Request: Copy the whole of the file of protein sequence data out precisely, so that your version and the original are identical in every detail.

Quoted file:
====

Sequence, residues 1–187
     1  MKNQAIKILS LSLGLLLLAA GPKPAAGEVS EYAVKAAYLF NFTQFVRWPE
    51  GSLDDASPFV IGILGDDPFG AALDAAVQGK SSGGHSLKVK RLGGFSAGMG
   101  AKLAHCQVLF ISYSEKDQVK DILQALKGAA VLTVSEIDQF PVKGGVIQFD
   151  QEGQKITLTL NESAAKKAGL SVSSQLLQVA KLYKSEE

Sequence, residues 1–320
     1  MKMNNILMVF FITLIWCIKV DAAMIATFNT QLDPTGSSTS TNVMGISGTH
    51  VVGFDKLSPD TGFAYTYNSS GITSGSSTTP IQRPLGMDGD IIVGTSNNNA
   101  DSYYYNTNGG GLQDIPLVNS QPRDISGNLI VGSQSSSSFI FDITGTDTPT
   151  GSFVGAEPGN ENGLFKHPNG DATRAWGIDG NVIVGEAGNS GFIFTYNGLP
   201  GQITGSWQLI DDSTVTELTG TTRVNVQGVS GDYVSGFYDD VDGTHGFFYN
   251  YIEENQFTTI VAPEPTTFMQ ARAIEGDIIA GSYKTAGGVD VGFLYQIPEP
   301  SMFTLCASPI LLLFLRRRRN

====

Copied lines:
Sequence, residues 1–187
     1  MKNQAIKILS LSLGLLLLAA GPKPAAGEVS EYAVKAAYLF NFTQFVRWPE
    51  GSLDDASPFV IGILGDDPFG AALDAAVQGK SSGGHSLKVK RLGGFSAGMG
   101  AKLAHCQVLF ISYSEKDQVK DILQALKGAA VLTVSEIDQF PVKGGVIQFD
   151  QEGQKITLTL NESAAKKAGL SVSSQLLQVA KLYKSEE

Sequence, residues 1–320
     1  MKMNNILMVF FITLIWCIKV DAAMIATFNT QLDPTGSSTS TNVMGISGTH
    51  VVGFDKLSPD TGFAYTYNSS GITSGSSTTP IQRPLGMDGD IIVGTSNNNA
   101  DSYYYNTNGG GLQDIPLVNS QPRDISGNLI VGSQSSSSFI FDITGTDTPT
   151  GSFVGAEPGN ENGLFKHPNG DATRAWGIDG NVIVGEAGNS GFIFTYNGLP
   201  GQITGSWQLI DDSTVTELTG TTRVNVQGVS GDYVSGFYDD VDGTHGFFYN
   251  YIEENQFTTI VAPEPTTFMQ ARAIEGDIIA GSYKTAGGVD VGFLYQIPEP
   301  SMFTLCASPI LLLFLRRRRN